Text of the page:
Can I Take You Out Sometime?
I recently watched the movie Clean starring the ever so handsome Adrian Brody. In it, he has a conversation with his barber about how he's unsuccessfully struggling to rid himself of certain feelings and memories. He asks, "What do we do when they won't go away?" to which his barber replies, "You just have to learn to live with them I guess".
When you've fought so hard to defeat your demons, the last thing you want to do is pull out a seat for them. At the same time, resistance is futile. In fact, it often makes things worse. Friends and keep telling me to just sit with my feelings, be sad and allow myself to grieve. Initially, I refused, but like a persistent courter the suggestion was relentless. So I gave in and invited my feelings with me to Europe.
I had a mocha with my fear at an airport lounge. They say that even good change can be scary, but the change that follows a broken heart where hope is deferred rivals the fear Freddy Krueger ensues upon a six year old. What am I supposed to do now?
I sat next to my anger on an 8 hour flight. I gave it the cold shoulder and rolled my eyes at it anytime it glanced in my direction. I fed it lies and things it wanted to hear, so that it would help me build back up my wall brick by brick. It got so high I exhausted myself and accidentally fell asleep with my head on its shoulder.
I drank a glass of wine with my disappointment in the Latin Quarter. And if the humidity and jet lag didn't give me such a headache, I would've probably got drunk with it and sent it misspelled text messages I would regret in the morning. How could you do this to me?
I cried with my sadness over hot chocolate and a croissant at Carette. Because sometimes you just want to be sad and drink something sweet and eat all the carbs and cry until it all makes sense or at the very least until you fall asleep. You broke my heart - twice.
I took my loneliness to the Eiffel Tower. We longed and loved and envied couples taking photos and having picnics while a saxophonist played "How Deep is Your Love?" in front of the perfect backdrop. His was as deep as a puddle apparently.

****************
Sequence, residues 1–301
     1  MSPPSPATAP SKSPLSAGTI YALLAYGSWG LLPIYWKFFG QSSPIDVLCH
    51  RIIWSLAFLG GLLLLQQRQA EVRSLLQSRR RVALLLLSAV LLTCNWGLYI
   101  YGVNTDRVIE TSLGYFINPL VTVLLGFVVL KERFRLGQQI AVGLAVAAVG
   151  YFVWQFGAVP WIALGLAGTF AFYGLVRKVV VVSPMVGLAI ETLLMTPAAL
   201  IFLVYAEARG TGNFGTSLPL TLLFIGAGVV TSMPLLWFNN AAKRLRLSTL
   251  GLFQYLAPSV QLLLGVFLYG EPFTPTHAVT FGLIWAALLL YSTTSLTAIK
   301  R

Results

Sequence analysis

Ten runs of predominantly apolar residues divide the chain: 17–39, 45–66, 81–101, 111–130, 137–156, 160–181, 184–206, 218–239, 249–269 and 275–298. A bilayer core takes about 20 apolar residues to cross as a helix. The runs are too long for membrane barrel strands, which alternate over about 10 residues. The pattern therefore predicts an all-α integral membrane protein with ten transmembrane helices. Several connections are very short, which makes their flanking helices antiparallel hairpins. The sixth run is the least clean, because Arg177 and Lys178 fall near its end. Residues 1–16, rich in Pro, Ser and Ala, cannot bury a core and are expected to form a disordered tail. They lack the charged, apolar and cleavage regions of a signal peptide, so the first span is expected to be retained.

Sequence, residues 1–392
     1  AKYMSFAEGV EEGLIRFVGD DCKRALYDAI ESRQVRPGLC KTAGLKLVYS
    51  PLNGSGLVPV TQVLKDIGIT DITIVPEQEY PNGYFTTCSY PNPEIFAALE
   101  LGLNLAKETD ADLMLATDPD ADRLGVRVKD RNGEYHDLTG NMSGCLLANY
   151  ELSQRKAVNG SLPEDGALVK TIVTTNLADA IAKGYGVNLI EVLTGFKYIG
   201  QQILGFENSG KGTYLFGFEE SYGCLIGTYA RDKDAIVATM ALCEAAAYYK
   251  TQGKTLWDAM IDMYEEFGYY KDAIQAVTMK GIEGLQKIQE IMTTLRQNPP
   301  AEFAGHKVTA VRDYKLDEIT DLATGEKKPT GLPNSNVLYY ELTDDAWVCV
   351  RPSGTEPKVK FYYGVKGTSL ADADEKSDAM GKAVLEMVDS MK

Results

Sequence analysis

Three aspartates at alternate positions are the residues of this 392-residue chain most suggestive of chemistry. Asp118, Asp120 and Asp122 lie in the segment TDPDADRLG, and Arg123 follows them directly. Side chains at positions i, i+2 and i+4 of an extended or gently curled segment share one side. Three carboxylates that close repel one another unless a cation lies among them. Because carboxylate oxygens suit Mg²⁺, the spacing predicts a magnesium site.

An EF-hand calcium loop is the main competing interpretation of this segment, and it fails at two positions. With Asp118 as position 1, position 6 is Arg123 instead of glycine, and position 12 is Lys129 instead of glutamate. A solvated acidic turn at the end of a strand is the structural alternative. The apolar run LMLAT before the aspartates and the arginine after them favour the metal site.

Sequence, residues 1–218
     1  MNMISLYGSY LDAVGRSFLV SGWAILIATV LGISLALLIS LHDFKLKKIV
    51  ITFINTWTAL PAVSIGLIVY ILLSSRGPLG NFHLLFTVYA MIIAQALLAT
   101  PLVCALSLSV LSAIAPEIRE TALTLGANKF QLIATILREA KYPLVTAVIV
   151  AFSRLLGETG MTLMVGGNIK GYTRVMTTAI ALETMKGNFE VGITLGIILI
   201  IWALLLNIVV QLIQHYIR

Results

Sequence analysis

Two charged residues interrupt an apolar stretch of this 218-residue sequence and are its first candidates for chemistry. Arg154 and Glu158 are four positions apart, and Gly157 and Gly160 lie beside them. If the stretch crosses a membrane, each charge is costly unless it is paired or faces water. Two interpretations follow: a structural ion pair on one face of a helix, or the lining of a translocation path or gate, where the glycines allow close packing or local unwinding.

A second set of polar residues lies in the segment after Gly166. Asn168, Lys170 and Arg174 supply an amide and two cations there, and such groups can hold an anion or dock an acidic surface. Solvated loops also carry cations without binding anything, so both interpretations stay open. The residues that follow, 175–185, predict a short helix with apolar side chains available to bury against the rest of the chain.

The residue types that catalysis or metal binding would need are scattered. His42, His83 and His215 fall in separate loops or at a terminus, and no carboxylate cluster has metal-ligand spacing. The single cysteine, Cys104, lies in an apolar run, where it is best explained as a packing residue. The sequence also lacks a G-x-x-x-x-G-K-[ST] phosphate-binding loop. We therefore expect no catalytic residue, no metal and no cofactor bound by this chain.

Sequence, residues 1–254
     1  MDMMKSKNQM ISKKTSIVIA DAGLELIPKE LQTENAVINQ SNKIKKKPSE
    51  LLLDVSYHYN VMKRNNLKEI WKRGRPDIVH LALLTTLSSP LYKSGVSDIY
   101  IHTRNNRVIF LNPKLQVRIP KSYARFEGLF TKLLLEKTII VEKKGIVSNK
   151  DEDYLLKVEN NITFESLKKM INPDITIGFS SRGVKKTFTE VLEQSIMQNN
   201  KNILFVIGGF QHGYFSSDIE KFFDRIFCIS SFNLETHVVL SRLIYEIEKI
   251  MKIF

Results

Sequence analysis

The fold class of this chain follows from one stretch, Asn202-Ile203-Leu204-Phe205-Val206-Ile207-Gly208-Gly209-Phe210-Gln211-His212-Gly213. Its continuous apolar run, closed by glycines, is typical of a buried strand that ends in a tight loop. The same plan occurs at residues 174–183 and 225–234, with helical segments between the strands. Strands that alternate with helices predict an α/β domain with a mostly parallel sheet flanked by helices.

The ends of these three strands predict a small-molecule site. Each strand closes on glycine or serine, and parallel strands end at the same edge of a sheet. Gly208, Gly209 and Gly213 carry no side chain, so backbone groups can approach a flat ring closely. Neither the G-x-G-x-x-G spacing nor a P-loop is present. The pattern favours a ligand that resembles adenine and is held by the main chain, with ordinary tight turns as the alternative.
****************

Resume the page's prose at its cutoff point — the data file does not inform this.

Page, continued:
I rode with my resentment on the M10 train on the way to Austerlitz. And left it on the seat closest to the exit on train 5. If there's anything I learned, it's that resentment will hurt me more than it will ever hurt the person I actually resent. I will NEVER do that to myself again.
I marveled at The Virgin of the Rocks with my gratitude inside the Louvre. The art. The architecture. The history. The vastness of it all. A reminder that everything is beautiful and fragile, everything has a past, and even ugly things can be beautiful. How lucky am I to be here? To think, I almost didn't want to go.
I dined with my bravery on the River Seine. To be the only solo guest on a romantic dinner cruise at sunset. To have the wife of the elderly couple in front of you keep turning around out of curiosity or pity. To watch a proposal, an anniversary dance, and kissing couples. To pass by the Eiffel Tower sparkling against an inky sky sprinkled with thunder. To genuinely enjoy every moment of it. Girl, you are so brave. He may have tricked you, BUT YOU ARE MOTHERFUCKING MAGIC.
I winked at my pride on the train ride to Zurich. It winked back at me in my window reflection, amidst acres of lush farmland and quaint cottages that resembled gingerbread houses. How many people would choose to do this? You didn't think you'd get here, you almost didn't want to get here. Now look at you, you did it. Again.
I loved myself to pieces on the rocky beaches of Nice. It always works out, no one said it would be in your favor, but it always works out. You always survive and you always thrive. I see the Mediterranean Sea around me and know it's healing. I lay back down in my day bed and let the sun embrace me, because it would just look weird if I hugged myself. And then - one by one, I turn those broken pieces into peace.